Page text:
The humorist turns to self-reflection for his new book
John Hodgman has proven to be an exceptional humorist over the years. His Complete World Knowledge trilogy, in particular, is a biting read, loaded with fake facts and delectably obscure lists, that effectively indicates the former Daily Show correspondent’s strengths as a comic writer.
The new book Vacationland finds Hodgman operating in a new mode: memoir. The results are mixed in the way memoirs often are, even as it features his distinct voice and an unusual structure. It both falls victim to the genre’s trappings and maximizes on what can make it so uniquely powerful.
The book, opened by a melancholy introduction and bookended with a moving final story, is divided into two sections that each feature short vignettes. They represent the distinct “wildernesses” of his experiences with middle-age and take place at a pair of vacation houses — first his parents’ in rural Massachusetts, then the one located in his wife’s hometown of coastal Maine. Hodgman tells stories of his youth and adulthood, reflecting with refreshing bluntness on seemingly innocuous but ultimately pivotal moments from throughout his life.
Hodgman, known for his dry humor, is typically restrained and offbeat here; his stories tend to be meditative and cutting, peppered with touches of absurdity. Yet you can feel the author hitting up against the walls of the conventions of memoir as he revisits insubstantial anecdotes that fail to convey the sense of displacement which threads the book.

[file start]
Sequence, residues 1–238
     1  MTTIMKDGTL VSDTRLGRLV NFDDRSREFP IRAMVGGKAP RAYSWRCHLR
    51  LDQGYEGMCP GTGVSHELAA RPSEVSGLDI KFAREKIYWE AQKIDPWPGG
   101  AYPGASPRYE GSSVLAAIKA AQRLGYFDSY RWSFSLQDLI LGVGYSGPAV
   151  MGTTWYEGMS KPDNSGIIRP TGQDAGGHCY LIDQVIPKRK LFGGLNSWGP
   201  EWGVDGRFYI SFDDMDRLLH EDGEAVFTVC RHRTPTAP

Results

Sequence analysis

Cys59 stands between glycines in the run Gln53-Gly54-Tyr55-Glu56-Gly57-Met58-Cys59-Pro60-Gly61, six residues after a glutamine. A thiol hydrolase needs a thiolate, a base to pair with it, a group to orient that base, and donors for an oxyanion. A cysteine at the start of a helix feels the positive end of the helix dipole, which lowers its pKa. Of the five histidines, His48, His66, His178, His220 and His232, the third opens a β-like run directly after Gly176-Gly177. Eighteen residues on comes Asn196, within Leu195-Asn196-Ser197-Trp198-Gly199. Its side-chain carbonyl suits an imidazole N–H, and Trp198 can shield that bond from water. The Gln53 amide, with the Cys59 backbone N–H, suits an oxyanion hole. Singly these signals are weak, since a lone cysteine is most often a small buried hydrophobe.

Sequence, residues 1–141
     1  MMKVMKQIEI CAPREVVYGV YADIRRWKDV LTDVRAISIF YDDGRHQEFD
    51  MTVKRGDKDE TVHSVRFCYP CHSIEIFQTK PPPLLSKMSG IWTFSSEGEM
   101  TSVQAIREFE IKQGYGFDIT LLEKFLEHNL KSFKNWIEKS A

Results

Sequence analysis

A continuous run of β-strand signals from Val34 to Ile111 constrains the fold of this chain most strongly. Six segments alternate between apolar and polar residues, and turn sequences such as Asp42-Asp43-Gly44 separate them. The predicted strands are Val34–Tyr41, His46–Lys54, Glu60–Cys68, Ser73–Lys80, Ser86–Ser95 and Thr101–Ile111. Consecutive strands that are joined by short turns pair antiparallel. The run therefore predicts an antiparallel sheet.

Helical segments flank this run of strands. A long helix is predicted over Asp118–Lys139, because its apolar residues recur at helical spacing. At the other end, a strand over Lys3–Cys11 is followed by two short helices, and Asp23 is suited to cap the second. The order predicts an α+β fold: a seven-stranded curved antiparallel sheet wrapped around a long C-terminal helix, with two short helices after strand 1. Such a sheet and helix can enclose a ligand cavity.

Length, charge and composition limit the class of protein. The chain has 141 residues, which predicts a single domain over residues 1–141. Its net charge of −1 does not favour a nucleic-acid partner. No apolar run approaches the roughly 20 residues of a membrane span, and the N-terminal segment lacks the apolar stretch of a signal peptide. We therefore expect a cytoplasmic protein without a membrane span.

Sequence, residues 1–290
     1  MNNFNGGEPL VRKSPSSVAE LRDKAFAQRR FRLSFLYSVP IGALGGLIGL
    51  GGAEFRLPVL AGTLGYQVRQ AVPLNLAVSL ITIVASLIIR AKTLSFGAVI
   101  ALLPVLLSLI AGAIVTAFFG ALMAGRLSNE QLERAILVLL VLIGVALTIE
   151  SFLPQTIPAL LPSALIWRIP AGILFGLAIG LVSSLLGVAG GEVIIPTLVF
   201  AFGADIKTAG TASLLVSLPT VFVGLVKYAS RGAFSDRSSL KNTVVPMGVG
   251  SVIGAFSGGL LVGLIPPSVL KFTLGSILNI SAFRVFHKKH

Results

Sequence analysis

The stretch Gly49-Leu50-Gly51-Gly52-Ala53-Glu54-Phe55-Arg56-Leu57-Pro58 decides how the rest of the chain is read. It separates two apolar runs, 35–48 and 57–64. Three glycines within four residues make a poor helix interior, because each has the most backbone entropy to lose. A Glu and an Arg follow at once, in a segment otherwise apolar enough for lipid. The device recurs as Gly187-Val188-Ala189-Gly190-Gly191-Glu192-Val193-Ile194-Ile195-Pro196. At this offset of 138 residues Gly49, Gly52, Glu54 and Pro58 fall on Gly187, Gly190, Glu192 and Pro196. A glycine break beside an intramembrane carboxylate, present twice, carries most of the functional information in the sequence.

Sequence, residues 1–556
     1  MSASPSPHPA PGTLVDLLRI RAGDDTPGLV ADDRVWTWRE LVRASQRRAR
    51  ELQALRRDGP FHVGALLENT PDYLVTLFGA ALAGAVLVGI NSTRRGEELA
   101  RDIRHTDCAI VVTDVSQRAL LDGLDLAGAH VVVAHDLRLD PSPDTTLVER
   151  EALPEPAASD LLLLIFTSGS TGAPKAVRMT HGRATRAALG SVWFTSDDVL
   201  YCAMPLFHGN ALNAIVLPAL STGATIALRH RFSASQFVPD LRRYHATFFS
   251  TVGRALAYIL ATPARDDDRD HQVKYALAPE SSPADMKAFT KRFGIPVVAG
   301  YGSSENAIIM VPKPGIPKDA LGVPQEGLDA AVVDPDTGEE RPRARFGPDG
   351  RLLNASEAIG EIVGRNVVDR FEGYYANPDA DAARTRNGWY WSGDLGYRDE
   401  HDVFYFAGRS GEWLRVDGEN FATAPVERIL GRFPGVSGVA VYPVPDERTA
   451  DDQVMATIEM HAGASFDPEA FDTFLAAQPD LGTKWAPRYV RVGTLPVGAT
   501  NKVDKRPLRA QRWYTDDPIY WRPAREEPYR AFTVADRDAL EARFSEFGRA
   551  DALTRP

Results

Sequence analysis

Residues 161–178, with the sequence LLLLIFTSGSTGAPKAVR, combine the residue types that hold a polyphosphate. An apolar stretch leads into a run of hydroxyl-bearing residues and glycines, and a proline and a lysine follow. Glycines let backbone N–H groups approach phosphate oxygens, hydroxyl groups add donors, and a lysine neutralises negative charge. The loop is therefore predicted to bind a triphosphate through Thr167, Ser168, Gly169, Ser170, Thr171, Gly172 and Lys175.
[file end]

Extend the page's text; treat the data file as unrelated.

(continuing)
Hodgman is not a great descriptive writer — a fact he even (maybe) nods to when he cracks in a parenthetical, “I am good at describing stuff” — and so it’s often puzzling the extent to which the book relies on rote descriptions of his past: his post-college experience in therapy, his job as a cheesemonger, his initial encounters with “Maine Humor.” This is especially true of his (larger) first section, set predominantly in Massachusetts. No story falls completely flat, and Hodgman’s wit at least intermittently shines through. But the anecdotes tend to be too explanatory and process-heavy, without the sharpness or depth to prevent them from petering out. Indeed, some run for only a few pages, and yet they still can drag.
The beauty of Vacationland comes through when Hodgman isn’t bogged down by his genre’s conventions. The introduction, provocatively titled “The Bookkeeper for the Church of Satan,” is a wholly profound dissection of middle-age. He faces death by conceiving of the end of the world while memorably describing the “lone, black, tough, wire hairs” in his cheeks. He provides a deeply poignant take on fatherhood in a personal context, genuinely contending with his privilege as a straight white man, and nearly in the same breath offers an admirably thorough analysis of his decision to grow a beard.
Even better is the book’s brief in-between section dubbed only “The Middle.” Set at a graveyard, it’s a haunting story about the cemetery he and his daughter would frequent, passing by mourners and traversing the area in “all the odd and specific details that make a good ghost story.” This is a book very much about death — Coastal Maine is where Hodgman is convinced he’ll die — and it’s in this section that the fused notion of wilderness and mortality really comes alive.
Comic memoirs are hardly uncommon and the challenge Hodgman faces is, accordingly, a familiar one: to tell his own story in his own dynamic way. It’s a challenge that he meets with startling poignancy in some cases, and which proves insurmountable in others. It’s only when Hodgman gets away from the “painful beaches” of Massachusetts and Maine, and into the choppy waters of his own mind, that Vacationland presents a world worth sinking into. B-